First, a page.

C++ has been designed with efficiency in mind. For instance, the availability of inline functions, and the possibility to allocate objects on the runtime stack (instead of on the heap), and the possibility to declare friend functions and classes that have direct access to the private instance variables of a class allow the programmer to squeeze out the last drop of efficiency. However, as a drawback, when higher level functionality is needed (as in automatic garbage collection) it must be explicitly programmed, and a similar price as when the functionality would have been provided by the system has to be paid. The only difference is that the programmer has a choice.
At the time of writing there does not exist a truly efficient implementation of the Java language. Significant improvements may be expected from the JIT (Just In Time) compilers that produce native code dynamically, employing techniques as originally developed for the Self language, discussed in section Self.
Eiffel contains few language elements that extend beyond object-oriented programming. In particular, Eiffel does not allow for overloading method names (according to signature) within a class. This may lead to unnecessarily elaborate method names. (The new version of Eiffel (Eiffel-3) does allow for overloading method names.)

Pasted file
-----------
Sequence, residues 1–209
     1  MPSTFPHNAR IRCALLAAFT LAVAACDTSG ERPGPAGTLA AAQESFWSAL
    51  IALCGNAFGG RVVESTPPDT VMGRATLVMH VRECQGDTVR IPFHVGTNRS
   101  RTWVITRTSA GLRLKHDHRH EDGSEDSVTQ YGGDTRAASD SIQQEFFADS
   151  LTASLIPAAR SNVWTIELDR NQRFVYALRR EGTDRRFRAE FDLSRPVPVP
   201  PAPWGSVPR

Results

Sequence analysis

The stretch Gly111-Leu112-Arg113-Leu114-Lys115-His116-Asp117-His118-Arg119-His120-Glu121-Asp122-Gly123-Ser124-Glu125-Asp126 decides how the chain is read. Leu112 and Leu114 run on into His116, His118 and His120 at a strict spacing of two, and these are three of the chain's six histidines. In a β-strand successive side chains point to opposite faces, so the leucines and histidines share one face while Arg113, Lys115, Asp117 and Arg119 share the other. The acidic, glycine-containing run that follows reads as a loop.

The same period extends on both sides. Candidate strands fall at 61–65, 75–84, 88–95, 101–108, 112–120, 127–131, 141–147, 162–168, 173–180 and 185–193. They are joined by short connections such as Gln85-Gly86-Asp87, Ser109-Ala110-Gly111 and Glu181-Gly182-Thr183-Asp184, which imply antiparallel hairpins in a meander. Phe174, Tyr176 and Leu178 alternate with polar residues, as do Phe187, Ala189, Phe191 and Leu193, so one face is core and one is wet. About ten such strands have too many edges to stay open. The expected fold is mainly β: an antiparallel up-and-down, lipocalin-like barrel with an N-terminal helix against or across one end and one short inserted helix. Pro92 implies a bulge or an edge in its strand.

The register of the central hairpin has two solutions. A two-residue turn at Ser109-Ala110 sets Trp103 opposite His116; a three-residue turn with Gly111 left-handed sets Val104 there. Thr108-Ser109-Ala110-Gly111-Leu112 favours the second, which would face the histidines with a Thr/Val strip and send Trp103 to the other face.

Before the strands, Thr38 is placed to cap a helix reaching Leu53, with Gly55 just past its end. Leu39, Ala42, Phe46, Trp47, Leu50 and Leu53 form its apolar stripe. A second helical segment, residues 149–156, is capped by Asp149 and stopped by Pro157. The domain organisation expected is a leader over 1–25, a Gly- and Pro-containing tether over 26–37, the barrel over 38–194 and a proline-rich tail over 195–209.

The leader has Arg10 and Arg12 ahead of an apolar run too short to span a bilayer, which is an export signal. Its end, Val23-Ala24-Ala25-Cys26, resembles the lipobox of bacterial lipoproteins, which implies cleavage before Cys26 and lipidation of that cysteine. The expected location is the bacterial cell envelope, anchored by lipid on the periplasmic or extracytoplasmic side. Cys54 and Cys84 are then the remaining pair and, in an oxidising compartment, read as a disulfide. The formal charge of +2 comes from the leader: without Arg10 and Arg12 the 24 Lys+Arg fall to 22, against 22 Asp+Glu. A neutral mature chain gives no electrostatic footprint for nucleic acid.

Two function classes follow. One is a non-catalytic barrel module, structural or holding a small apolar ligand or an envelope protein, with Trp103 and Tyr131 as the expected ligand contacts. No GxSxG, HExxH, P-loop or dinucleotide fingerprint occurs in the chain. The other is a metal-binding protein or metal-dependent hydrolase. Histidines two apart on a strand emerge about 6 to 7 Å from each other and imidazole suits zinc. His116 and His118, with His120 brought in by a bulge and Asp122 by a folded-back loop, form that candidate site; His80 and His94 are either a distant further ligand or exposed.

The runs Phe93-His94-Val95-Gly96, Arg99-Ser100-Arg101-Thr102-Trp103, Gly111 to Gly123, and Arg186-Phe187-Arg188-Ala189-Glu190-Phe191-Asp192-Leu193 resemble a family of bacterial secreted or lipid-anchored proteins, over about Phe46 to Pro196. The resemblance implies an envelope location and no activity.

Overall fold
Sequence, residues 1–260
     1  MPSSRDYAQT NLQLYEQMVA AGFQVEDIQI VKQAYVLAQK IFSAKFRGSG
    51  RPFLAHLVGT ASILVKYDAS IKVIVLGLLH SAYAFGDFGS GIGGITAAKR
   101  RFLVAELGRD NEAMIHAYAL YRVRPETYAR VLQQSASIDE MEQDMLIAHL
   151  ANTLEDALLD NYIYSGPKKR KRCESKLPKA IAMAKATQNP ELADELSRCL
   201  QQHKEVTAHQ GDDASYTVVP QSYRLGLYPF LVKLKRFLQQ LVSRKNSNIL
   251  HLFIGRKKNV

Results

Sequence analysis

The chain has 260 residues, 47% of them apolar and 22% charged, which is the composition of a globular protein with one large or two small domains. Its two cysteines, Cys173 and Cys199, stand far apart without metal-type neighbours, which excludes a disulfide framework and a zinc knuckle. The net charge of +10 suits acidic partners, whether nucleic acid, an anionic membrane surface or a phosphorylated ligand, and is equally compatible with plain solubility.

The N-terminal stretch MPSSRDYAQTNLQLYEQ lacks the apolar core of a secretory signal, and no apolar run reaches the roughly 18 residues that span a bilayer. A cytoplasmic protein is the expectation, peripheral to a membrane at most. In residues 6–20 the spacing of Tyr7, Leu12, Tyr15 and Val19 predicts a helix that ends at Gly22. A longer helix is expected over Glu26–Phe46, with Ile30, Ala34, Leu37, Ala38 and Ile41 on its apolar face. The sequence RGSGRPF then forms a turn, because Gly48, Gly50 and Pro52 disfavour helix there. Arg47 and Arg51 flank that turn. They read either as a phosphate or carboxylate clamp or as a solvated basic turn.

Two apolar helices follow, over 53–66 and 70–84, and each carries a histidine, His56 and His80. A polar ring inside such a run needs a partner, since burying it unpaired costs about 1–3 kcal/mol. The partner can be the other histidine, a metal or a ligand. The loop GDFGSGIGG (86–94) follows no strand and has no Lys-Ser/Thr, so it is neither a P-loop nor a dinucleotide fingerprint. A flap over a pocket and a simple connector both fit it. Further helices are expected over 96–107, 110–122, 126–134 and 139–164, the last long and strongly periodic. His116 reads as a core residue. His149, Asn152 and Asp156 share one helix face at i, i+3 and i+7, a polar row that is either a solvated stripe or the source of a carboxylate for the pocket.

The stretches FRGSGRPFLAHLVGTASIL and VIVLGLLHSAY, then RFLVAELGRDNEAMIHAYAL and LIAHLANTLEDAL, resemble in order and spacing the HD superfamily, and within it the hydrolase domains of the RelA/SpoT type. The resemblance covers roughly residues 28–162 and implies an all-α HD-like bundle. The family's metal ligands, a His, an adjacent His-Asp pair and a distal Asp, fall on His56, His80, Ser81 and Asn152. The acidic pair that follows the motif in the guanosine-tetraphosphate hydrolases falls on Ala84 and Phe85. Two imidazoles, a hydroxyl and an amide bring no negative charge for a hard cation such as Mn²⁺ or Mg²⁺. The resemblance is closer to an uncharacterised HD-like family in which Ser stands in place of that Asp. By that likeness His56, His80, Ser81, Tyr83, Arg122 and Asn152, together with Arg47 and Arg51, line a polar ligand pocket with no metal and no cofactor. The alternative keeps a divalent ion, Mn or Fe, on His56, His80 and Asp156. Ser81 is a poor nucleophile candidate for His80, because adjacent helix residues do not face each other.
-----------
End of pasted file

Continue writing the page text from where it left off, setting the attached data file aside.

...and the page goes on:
Without doubt, C++ is generally regarded as a highly complex language. In particular, the rules governing the overloading of operators and functions are quite complicated. The confusion even extends to the various compiler suppliers, which is one of the reasons why C++ is still barely portable. Somewhat unfortunately, the rules for overloading and type conversion for C++ have to a large extent been determined by the need to remain compatible with C. Even experienced programmers need occasionally to experiment to find out what will happen.
Java is certainly less complex than C++. For example, it offers no templates, no operator overloading and no type coercion operators. However, although Java is apparently easier to use, it is far less elegant than C++ when it comes to creating user-defined types. Class interfaces in Java are usually much more verbose than similar interfaces in C++. And, due to the absence of templates, type casts are necessary in many places. On the other hand, casts in Java are type safe.
draft version 0.1 (15/7/2001)